- - Thursday, October 9, 2014

 “Here is a simple truth that many of us seem to resist: Living too long is also a loss. It renders many of us, if not disabled, then faltering and declining, a state that may not be worse than death but is nonetheless deprived. It robs us of our creativity and ability to contribute to work, society, the world. It transforms how people experience us, relate to us, and, most important, remember us. We are no longer remembered as vibrant and engaged but as feeble, ineffectual, even pathetic.”

— “Why I Hope to Die at 75,” Ezekiel J. Emanuel, The Atlantic Monthly.

Zeke Emanuel is not a kook. He’s not an outlier. And conservatives underestimate the power of his influence at their peril.

Mr. Emanuel is not only not a kook, he’s extraordinarily well-credentialed and well-connected. He directs the Clinical Bioethics Department at the U.S. National Institutes of Health and heads the Department of Medical Ethics and Health Policy at the University of Pennsylvania. He is the brother of Chicago Mayor (and former Obama White House chief of staff) Rahm Emanuel. He was a key architect of and is now the pre-eminent academic defender of Obamacare.

So when he writes a provocative, 5,000-plus-word polemic on why he — and by extension the rest of us — should hope to die at 75 in order to ease the burden on family, friends and society, it can’t be written off as the ravings of a rogue intellectual. I’d even argue Mr. Emanuel has done us all a favor, making explicit the agenda that runs behind Obamacare and so many of the pet causes of the Left for a century or more. The goal is to make socially and politically acceptable ideas and policies that were once universally seen as morally repellent, from abortion and same-sex marriage to legalizing drugs and euthanasia. The means are political, and sometimes the goal takes decades to achieve, but the progressive ambition is always to move forward.

Mr. Emanuel insists in his piece that he is not endorsing euthanasia and assisted suicide, but that is the logical endpoint of his arguments. One can draw a straight line from the thinking behind “Why I Hope to Die at 75” to the death panels under Obamacare that will determine who among are senior citizens is worthy of quality care and who isn’t, who gets the hip replacement or the pacemaker and who doesn’t. There is a contempt for the weakest among us in Mr. Ezekiel’s essay that is a hallmark of progressive politics. The elderly, the disabled, the unborn, those with terminal illnesses —all are seen as a drag on society’s resources and “undeserving” of society’s generosity.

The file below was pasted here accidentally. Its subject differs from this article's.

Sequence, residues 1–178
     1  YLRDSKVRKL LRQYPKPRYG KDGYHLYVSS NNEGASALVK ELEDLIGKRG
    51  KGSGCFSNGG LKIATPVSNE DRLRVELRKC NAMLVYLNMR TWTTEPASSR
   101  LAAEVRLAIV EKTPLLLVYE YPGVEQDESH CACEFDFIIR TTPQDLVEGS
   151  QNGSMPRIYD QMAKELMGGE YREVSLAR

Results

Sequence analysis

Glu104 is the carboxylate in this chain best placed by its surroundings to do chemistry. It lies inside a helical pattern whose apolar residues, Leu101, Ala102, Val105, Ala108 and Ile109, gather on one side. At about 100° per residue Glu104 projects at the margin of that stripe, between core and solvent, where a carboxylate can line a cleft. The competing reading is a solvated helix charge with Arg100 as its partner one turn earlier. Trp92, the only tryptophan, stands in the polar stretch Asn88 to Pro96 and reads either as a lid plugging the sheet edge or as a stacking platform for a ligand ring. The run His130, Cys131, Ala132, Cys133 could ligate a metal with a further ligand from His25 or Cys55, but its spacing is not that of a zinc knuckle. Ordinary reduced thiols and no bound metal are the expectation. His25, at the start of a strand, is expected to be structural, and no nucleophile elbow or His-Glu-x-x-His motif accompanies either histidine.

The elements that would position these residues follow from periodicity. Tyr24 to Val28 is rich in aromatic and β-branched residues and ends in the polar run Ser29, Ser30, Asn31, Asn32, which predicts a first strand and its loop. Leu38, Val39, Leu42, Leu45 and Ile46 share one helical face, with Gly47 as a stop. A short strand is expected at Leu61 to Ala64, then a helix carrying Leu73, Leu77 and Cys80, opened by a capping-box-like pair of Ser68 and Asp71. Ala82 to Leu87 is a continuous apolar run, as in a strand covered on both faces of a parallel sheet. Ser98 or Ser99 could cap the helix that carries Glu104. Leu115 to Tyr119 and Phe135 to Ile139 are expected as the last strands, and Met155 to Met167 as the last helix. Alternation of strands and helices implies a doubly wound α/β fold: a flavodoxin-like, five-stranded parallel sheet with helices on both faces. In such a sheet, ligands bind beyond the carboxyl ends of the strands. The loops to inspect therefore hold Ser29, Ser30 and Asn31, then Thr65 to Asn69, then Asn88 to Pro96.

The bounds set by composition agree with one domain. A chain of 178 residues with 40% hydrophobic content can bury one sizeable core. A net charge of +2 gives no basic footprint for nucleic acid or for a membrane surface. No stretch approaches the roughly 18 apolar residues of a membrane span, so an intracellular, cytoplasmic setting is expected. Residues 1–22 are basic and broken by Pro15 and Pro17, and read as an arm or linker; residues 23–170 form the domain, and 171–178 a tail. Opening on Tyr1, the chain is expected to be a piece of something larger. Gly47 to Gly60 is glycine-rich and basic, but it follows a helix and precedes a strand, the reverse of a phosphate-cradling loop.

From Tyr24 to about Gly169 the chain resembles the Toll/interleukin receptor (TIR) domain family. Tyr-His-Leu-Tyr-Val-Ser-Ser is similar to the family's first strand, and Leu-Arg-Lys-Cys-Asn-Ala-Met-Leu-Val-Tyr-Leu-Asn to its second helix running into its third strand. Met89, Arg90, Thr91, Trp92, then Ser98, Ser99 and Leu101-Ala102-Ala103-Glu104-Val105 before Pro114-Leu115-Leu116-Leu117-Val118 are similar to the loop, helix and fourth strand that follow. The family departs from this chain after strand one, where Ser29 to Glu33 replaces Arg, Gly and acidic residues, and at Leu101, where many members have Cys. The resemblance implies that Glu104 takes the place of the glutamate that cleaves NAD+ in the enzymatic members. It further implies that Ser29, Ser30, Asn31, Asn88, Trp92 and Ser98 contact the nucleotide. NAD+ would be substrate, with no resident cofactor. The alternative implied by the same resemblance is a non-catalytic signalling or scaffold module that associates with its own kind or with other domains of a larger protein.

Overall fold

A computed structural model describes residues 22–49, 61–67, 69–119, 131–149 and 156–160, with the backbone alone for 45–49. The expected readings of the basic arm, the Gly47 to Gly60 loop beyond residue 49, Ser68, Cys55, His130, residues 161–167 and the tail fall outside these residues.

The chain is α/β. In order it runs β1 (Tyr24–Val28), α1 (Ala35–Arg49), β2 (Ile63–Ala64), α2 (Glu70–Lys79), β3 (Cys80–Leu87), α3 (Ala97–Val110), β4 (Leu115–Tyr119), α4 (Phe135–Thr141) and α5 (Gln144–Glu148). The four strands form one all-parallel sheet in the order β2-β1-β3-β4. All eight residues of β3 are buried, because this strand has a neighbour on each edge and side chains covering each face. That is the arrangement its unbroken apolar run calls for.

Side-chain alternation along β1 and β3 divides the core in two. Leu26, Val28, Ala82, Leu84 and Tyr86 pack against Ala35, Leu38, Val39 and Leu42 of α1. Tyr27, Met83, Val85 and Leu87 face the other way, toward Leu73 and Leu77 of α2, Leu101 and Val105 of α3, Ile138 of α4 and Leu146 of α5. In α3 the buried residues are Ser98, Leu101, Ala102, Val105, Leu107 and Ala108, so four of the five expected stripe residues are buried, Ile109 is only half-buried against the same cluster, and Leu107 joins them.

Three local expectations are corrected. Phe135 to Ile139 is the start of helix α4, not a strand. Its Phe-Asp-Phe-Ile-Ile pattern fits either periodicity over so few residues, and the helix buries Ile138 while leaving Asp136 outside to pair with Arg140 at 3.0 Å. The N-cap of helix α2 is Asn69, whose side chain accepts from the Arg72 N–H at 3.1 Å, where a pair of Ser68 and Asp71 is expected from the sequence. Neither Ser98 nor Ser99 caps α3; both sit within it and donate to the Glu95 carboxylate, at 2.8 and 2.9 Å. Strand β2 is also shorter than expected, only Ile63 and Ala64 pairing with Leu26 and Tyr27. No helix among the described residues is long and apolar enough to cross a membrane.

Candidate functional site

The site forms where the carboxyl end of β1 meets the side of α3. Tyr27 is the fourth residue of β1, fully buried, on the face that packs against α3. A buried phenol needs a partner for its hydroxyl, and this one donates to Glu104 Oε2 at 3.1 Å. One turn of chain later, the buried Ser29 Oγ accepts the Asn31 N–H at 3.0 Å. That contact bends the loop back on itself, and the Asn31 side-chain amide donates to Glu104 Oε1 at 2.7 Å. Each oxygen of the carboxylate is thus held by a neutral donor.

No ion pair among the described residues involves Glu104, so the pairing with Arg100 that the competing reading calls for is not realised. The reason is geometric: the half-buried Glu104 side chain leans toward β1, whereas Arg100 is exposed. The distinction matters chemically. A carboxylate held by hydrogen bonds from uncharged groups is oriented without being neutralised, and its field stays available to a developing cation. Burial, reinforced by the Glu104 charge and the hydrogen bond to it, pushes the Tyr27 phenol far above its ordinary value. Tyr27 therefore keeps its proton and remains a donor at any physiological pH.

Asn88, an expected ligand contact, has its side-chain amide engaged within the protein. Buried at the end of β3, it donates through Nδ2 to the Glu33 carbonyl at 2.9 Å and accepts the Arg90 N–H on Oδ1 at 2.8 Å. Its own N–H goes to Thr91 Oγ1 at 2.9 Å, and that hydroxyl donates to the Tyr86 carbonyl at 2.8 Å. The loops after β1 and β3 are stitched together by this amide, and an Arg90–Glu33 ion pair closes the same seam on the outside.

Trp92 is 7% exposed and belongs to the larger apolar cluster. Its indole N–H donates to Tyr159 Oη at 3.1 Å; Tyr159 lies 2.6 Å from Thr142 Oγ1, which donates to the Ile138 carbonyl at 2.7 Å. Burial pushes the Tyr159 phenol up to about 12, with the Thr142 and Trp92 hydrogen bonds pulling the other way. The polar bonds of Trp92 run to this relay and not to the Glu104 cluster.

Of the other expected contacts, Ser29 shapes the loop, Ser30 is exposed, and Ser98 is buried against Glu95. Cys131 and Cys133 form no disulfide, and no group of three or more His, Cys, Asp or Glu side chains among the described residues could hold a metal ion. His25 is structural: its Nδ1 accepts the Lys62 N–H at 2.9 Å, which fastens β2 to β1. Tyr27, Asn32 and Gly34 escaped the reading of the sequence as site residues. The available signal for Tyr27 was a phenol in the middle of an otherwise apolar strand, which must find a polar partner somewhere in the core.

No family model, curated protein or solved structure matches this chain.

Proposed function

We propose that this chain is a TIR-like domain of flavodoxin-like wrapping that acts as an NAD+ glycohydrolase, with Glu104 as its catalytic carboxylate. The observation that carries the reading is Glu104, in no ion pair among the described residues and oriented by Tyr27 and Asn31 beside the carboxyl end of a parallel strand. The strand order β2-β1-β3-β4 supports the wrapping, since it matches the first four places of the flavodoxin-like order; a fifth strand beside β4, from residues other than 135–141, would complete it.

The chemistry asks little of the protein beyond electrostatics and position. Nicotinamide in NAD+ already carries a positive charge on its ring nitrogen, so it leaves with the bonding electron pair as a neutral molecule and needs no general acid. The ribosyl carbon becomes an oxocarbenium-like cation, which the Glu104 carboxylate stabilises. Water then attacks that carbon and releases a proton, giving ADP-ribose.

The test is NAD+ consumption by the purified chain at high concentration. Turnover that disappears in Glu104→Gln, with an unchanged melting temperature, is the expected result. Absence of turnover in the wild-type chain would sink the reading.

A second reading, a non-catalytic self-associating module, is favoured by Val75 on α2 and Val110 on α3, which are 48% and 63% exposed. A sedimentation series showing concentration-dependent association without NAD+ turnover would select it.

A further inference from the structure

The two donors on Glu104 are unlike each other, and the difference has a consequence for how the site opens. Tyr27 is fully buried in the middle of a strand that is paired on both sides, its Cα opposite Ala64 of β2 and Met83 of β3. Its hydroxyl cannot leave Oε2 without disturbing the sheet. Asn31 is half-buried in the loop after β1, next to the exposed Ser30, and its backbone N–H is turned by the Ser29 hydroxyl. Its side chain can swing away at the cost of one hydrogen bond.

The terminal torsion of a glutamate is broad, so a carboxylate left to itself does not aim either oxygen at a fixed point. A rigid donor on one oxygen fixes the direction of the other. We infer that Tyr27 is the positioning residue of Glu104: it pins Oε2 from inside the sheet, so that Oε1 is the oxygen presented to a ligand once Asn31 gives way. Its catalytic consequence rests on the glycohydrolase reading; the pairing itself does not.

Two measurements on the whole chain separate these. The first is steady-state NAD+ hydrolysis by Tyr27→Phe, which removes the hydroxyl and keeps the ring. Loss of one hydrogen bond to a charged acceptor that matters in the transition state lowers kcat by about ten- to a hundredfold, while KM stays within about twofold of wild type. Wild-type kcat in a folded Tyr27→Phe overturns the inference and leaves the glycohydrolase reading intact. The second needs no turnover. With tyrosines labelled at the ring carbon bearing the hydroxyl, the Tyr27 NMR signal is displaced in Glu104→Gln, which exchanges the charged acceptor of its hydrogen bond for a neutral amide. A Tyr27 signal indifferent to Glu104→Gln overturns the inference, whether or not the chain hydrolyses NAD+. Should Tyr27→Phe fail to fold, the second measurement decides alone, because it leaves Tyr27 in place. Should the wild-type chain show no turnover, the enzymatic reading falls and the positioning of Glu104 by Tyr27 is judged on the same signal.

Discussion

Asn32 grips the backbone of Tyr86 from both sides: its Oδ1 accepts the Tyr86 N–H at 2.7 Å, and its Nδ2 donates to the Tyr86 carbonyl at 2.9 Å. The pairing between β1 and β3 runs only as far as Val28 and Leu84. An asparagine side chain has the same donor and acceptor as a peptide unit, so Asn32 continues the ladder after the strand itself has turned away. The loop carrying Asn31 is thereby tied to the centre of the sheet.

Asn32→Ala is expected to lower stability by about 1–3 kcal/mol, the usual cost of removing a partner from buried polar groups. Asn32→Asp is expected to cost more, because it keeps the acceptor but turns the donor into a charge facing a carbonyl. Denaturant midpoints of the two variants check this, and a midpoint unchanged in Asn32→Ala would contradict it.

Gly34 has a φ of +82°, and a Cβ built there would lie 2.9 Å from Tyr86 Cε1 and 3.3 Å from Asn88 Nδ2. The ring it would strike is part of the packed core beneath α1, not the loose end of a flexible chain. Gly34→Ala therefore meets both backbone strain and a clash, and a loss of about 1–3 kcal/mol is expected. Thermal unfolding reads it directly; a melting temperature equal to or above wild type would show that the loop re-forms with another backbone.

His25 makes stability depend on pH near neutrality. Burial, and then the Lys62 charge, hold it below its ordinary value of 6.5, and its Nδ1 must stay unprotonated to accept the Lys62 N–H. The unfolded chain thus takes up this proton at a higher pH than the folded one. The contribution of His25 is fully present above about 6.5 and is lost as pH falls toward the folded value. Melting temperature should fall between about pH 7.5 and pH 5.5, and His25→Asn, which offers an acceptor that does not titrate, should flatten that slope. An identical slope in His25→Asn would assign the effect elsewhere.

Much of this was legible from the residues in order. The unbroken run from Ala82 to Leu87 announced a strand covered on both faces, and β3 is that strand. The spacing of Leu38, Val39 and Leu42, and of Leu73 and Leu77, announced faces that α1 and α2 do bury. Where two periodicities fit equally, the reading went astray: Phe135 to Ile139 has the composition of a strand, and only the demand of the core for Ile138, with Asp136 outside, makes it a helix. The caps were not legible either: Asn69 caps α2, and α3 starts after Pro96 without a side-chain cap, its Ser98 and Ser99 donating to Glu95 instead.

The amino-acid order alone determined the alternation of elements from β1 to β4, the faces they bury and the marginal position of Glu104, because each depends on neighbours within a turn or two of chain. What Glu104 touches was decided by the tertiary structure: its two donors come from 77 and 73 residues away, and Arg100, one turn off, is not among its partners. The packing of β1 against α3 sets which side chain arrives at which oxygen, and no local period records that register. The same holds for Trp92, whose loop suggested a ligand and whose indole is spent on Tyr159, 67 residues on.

(One can only wonder if the 57-year-old author would have written the same piece if he were 74.)

Consider the two policy prescriptions included in his piece. Rising life expectancy, he writes, should not be seen as a measure of the quality of life in a given society. (“Once a country has a life expectancy past 75 for both men and women, this measure should be ignored.”) And biomedical research can focus on treating chronic old-age diseases, but should make no effort to improve end-of-life care.

It’s easy to reject the narcissistic ethos behind this piece, the ideology that holds not all life is equally precious that the elderly, the disabled, the unborn have nothing to offer to society’s greater good; that virtues such as charity, selflessness, generosity and concern for the least among us are a sign of weakness. But as I say, conservatives and people of faith put themselves in danger when they underestimate the power for the Left of such ideas.

Despite Mr. Emanuel’s protestations, euthanasia, assisted suicide and a rejection of the sanctity of life constitute the next great political agenda item for the Left. It starts with Obamacare and the death panels, but it won’t end there. Those of us who value life cannot hide this time from what is going on, as happened too often in the past. Everyone must speak out, and there is no time to waste.

Not surprisingly, Mr. Emanuel has little to say — and nothing positive — about God in his piece, preferring to rest his arguments in Darwinian and natural terms. For it is in faith and religious values that we find the most powerful argument against “Why I Hope to Die at 75” and the progressive spirit behind it.

God values each human life more than his own. In our relationship with the Creator, we come to learn the virtues of sympathy, sacrifice and compassion for every one of His creatures, especially the most helpless ones at the beginning and end of life. God wants us to live each day to the fullest in service to Him and to each other — even if we’re past our 75th birthday.

Tom DeLay, a former congressman from Texas and House majority leader from 2003 to 2005, writes a weekly column for The Washington Times and www.washingtontimes.com.


 


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